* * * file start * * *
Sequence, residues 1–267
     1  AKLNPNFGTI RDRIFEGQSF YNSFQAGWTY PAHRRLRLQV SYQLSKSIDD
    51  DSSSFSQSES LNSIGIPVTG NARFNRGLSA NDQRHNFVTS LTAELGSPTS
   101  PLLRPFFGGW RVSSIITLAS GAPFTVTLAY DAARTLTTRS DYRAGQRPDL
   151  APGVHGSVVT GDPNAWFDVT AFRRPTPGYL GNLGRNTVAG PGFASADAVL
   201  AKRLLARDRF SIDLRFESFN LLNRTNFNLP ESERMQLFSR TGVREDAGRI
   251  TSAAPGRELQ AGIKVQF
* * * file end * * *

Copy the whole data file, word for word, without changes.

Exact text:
Sequence, residues 1–267
     1  AKLNPNFGTI RDRIFEGQSF YNSFQAGWTY PAHRRLRLQV SYQLSKSIDD
    51  DSSSFSQSES LNSIGIPVTG NARFNRGLSA NDQRHNFVTS LTAELGSPTS
   101  PLLRPFFGGW RVSSIITLAS GAPFTVTLAY DAARTLTTRS DYRAGQRPDL
   151  APGVHGSVVT GDPNAWFDVT AFRRPTPGYL GNLGRNTVAG PGFASADAVL
   201  AKRLLARDRF SIDLRFESFN LLNRTNFNLP ESERMQLFSR TGVREDAGRI
   251  TSAAPGRELQ AGIKVQF